As I’m sure you know, the concept of “conflict of interest” went out with the millennium. Now we have ‘synergy’ instead.

Fast forward to last week. A friend of mine had been recommending buying JPMorganChase (JPM) and Blackstone Group (BX) stock. I countered that the financials are all way overvalued, particularly JPM. We’ve all been seeing the ripple effects of the sub-prime mortgage crisis; layoffs in the lending industry, hedge funds bleeding cash, even bank runs—for nostalgia’s sake, I suppose.

I don’t own stock on principle, but I bet I’d make a fair analyst. The only caveat is that I have no talent for spotting good buys; I can only forsee impending disaster, because those are the signs few people want to find. This brings me, incidentally, back to the News Corp/Dow Jones buyout. As there’s no such thing as a conflict of interest anymore, there’s no longer a problem with the way market information has been commoditized and tailored toward the investor.

Watch any business channel for ten minutes and it’ll become clear that the “news” being presented works in much the same way MTV used to deal with music—continuous advertising for the product broken up by short sustained bursts of commercial interruptions. The anchors are always talking about your portfolio, how to help you—the investor—ford the dangerous currents ahead and so forth. This is not to say that business news doesn’t report bad news, even though they try not to call it that. There’s always an upside to every tragedy, some opportunity to capitalize on one tragedy or another—wars, epidemics, rising gas prices.

All you need to know about financial stocks, I told my friend the other day, is in a little chart you’ll never see on CNBC or the upcoming Fox Business Channel. Here’s Productivity vs. Real Wages for the past decade or so:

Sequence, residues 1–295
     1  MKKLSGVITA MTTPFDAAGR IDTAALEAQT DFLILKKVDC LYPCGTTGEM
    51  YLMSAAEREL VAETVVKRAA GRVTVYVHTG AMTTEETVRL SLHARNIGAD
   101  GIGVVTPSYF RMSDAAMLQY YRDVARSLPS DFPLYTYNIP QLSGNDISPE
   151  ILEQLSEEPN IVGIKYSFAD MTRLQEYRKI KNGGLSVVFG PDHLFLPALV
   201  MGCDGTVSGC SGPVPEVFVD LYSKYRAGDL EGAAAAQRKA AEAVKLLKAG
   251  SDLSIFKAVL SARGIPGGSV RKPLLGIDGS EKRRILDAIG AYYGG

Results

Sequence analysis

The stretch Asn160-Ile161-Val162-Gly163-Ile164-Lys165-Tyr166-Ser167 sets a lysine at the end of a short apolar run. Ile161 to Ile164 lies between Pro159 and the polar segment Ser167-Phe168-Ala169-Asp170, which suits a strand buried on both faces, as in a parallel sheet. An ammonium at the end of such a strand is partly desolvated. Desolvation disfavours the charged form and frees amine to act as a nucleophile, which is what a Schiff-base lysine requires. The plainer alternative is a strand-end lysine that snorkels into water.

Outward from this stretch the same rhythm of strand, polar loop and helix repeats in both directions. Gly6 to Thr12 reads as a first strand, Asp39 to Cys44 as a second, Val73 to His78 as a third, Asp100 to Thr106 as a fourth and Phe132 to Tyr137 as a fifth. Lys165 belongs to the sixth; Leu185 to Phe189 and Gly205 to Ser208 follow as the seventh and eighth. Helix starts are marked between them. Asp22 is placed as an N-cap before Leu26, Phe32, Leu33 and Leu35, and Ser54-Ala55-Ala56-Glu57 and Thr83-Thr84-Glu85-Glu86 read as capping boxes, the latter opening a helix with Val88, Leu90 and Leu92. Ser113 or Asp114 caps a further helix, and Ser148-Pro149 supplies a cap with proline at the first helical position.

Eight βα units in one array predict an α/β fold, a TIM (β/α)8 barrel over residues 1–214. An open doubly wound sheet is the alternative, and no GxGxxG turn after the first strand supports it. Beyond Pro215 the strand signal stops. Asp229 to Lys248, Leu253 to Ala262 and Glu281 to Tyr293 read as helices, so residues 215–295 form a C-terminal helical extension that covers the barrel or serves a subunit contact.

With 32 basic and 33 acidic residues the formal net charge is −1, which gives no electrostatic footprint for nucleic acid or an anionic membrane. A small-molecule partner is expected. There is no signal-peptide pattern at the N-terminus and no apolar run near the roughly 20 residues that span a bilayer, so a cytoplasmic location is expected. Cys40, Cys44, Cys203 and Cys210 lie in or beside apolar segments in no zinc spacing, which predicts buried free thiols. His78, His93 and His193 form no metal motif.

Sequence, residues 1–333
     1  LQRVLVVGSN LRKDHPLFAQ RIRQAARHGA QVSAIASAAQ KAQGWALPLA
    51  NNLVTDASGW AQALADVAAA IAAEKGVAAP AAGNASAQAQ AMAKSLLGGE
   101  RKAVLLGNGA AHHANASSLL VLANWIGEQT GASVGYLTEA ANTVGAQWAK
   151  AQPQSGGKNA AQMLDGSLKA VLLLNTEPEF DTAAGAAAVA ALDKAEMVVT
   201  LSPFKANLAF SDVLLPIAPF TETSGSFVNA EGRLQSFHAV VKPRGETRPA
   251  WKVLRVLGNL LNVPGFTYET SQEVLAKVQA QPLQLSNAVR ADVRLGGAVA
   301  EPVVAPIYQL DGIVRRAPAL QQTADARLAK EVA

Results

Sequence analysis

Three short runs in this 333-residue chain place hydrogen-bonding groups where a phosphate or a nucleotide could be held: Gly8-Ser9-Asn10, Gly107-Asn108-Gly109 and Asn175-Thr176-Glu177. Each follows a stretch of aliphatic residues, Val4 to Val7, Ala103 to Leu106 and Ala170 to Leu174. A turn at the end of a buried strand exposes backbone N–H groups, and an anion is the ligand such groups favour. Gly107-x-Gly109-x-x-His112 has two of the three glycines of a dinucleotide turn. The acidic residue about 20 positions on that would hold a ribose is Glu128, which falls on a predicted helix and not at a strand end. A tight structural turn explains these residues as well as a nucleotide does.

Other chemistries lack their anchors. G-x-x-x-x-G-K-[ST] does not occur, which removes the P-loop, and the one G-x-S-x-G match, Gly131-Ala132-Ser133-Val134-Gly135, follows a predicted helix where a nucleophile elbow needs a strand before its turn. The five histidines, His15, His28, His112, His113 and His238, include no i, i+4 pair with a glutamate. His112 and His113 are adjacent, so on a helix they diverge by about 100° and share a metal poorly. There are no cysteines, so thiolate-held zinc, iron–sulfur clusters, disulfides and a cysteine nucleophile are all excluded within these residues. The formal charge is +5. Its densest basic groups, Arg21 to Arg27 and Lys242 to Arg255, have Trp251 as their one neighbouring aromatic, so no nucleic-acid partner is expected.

Notice how productivity, a measure of total economic output per worker, has become completely uncoupled from the actual value of workers’ take-home pay (adjusted for inflation). But consumer spending has generally followed the same curve as productivity, which begs the question: how are Americans spending more with less money?

The answer is that the average American family is in five digits’ worth of credit card debt, their home is worth less than it was at the top of the housing bubble, and if the family experiences job loss, a medical emergency or divorce, they’re likely headed for a new brand of bankruptcy (courtesy of Joe Biden) where the credit card companies can seize your assets even if you’re dead.

As the chart demonstrates, it’s not like people are ever going to make enough money to pay the balance of these bad loans off. So, investors, here’s a market tip: anyone who has exposure to the financial crisis happening to poor and middle-class people is screwed, including but not limited to people who are exposed to such exposure and so forth fdown the line). You’ll notice that ‘gadget’ stocks, like RIM (the makers of Blackberry PDAs) are doing great. They’re not tied to the people the financial industry has spent so much time and effort screwing over.

By the way, my friend Anya, who writes about debt, beat me to this by linking to a Harvard Magazine piece making similar points. She knows much more about this than I do.